Lenders struggled to keep up with the new rules, and they weren’t experienced dealing with final closing statements. Settlement statements and closing disclosures don’t always match.
WASHINGTON – Feb. 15, 2016 – At Florida Realtors Mid-Winter Meetings in January, Henry Ensler, director of sales and marketing with Sunbelt Title Agency, said he thought the new TILA-RESPA Integrated Documentation (TRID) or Know Before You Owe rules were a good thing before they went into effect on Oct. 3, 2015.
"But they didn't quite work out that way," Ensler told Realtors during the meetings. He said lenders struggled to keep up with the new rules, and they weren't experienced dealing with final closing statements. He said that the settlement statements and closing disclosures don't always match, and clients many times struggle to understand why.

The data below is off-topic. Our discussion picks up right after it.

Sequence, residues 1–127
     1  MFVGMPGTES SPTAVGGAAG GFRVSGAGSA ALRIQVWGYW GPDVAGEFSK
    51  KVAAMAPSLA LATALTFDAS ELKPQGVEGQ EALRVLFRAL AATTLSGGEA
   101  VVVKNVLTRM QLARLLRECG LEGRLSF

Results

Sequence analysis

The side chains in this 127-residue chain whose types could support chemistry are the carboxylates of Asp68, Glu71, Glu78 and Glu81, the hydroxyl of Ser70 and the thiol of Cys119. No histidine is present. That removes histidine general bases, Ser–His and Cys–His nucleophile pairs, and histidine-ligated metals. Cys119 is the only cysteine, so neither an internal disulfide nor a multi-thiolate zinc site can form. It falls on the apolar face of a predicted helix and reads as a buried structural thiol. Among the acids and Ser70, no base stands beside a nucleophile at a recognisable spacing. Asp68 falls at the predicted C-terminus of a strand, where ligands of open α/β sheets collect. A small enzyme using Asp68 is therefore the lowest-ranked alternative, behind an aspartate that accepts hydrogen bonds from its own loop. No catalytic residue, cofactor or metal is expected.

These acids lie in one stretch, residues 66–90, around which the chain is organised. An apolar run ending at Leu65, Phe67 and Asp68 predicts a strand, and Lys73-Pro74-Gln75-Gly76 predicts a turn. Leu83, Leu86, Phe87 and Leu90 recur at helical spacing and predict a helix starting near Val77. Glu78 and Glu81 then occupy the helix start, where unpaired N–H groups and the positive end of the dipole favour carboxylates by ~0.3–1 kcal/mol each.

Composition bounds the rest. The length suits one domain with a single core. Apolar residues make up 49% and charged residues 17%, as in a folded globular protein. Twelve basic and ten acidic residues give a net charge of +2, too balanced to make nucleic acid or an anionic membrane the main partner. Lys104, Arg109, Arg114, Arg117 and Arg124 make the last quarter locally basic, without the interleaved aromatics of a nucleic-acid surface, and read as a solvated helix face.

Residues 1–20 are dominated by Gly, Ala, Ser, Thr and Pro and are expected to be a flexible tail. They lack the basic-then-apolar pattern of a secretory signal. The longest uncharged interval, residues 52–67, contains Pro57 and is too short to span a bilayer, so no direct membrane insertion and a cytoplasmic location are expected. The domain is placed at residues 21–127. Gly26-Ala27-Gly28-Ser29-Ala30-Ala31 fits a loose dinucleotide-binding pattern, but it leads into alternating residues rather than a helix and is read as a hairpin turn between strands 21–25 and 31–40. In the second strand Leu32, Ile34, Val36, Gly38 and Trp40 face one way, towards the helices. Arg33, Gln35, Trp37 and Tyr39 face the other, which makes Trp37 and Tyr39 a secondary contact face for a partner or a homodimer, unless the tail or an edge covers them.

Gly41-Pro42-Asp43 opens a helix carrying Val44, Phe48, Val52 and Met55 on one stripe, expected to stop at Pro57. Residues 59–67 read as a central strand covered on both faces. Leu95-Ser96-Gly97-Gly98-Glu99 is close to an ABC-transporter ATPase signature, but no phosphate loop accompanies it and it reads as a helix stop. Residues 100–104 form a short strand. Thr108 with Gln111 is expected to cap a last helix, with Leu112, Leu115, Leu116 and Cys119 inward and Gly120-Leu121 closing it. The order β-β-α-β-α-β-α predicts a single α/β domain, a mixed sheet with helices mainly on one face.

A new survey of Realtors conducted by the National Association of Realtors® (NAR) attempted to find out exactly how well the TRID rules are, and are not, working. According to Realtors, the new disclosures led to few contract cancellations – but they've caused a delay in about one in 10 transactions.
NAR's TRID survey highlights
- 10.4% of transactions were delayed
- Less than 1% of transactions were canceled
- The typical transaction delay due to the new disclosures is 8.8 days
- 54.5% of respondents had problems getting closing documents for transactions and half found errors once they did
- Realtors were less likely to have access to closing documents in delayed settlements
- Most frequent closing disclosure problems: Missing concessions, incorrect names or addresses. However, Realtors also cited problems with incorrect fees, commissions and taxes
- E-settlement procedures had fewer errors and faster remediation
A complete overview of survey results can be found on NAR's website.
© 2016 Florida Realtors®. All rights reserved. Reprinted with permission.